Don't underestimate it.



posted on Feb, 21 2009 @ 01:15 PM
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So Blondie was from a secret society?
Since after all she was the first one to put hip hop/rap in recorded music.



posted on Feb, 21 2009 @ 01:20 PM
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Interesting thread.
Personally I think hip-hop has 'evolved' so much that it is no longer hip hop, both in sound and messages within. It used to be about striving for freedom, fighting against TPTB and being strong in the face of depression and accepting of one's brother man. Somewhere along the line the wrong people came into hip hop and took the fashion element to a new extreme and created 'bling'. Money, hoes, bling, look at my 3 ounces, 5 bank accounts and a ziilion vehicles (or something).
Hip hop is dead. RIP

However, you may find these videos linkng modern 'hip hop' (ahem) to Illuminati interesting.

www.youtube.com...


www.youtube.com...



posted on Feb, 21 2009 @ 01:27 PM
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reply to post by vcwxvwligen
 

This is a non-sequitar argument. I'm going to comment on certain points you made, but first I must say this. Just because a group of people has some custom doesn't mean they are the only ones who use it.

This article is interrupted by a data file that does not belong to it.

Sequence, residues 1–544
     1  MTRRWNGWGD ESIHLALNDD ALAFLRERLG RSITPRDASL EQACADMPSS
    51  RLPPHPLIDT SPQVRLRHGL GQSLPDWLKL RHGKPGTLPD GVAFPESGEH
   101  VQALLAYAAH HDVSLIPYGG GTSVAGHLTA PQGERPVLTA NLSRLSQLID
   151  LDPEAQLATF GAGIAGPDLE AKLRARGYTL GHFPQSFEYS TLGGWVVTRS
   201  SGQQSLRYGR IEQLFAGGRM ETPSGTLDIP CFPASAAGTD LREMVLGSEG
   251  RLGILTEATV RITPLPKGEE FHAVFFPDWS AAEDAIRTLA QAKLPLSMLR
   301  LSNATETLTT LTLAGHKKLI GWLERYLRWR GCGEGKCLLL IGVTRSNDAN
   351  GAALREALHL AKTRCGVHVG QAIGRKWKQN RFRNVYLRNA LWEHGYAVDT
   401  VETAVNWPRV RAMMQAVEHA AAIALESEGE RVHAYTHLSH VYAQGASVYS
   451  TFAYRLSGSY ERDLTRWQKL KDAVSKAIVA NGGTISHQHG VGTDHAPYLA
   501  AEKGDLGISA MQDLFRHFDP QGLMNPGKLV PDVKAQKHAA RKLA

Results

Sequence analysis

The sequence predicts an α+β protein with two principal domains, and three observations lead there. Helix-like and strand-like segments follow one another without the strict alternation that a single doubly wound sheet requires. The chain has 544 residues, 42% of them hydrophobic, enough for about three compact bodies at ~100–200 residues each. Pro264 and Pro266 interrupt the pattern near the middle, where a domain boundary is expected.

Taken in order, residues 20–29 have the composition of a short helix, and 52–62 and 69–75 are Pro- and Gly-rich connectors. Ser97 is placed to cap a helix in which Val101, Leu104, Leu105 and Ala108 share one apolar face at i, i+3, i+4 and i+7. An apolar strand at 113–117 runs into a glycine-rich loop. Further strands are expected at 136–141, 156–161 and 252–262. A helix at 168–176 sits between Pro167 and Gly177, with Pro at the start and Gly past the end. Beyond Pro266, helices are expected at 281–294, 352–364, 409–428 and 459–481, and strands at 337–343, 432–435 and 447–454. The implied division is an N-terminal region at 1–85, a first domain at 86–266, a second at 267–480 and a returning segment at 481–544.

I don't get where you say "no snitching" is a Masonic thing. We instruct our members to keep the secrets they have been entrusted with. If you are alluding to that we don't snitch to the authorities if a brother has a committed a crime, you are even more wrong.

The whole "dame" comment isn't even related to Freemasonry. The clothing comment made me laugh.

The "G" does not mean generativity. I guess the obvious answer is just too obvious for you. There is no sexuality in Freemasonry.

Again, for the millionth time, there is no god of Freemasonry. There is only the God the individual brother worships. We allow men of every faith in and do not push one religious view or the other; religion and politics is not to be spoken about in the Lodge.

You seem to have a lot of sexual leaning beliefs about the Freemasons? Do you think we are a sexual cult? We are not.

You are desperately trying to connect dots (style, fly, etc) to Freemasonry. Probably, might be, these are not words that impress upon the reader that Freemasonry is "indeed" connected to hip-hop. You speak of absolutes, but back it up using possibilities and coincidences.


"Props" are used during Masonic rituals.

So Freemasonry is the only group that uses props? No one else in the entire world uses props? This is just more evidence for my non-sequitar statement.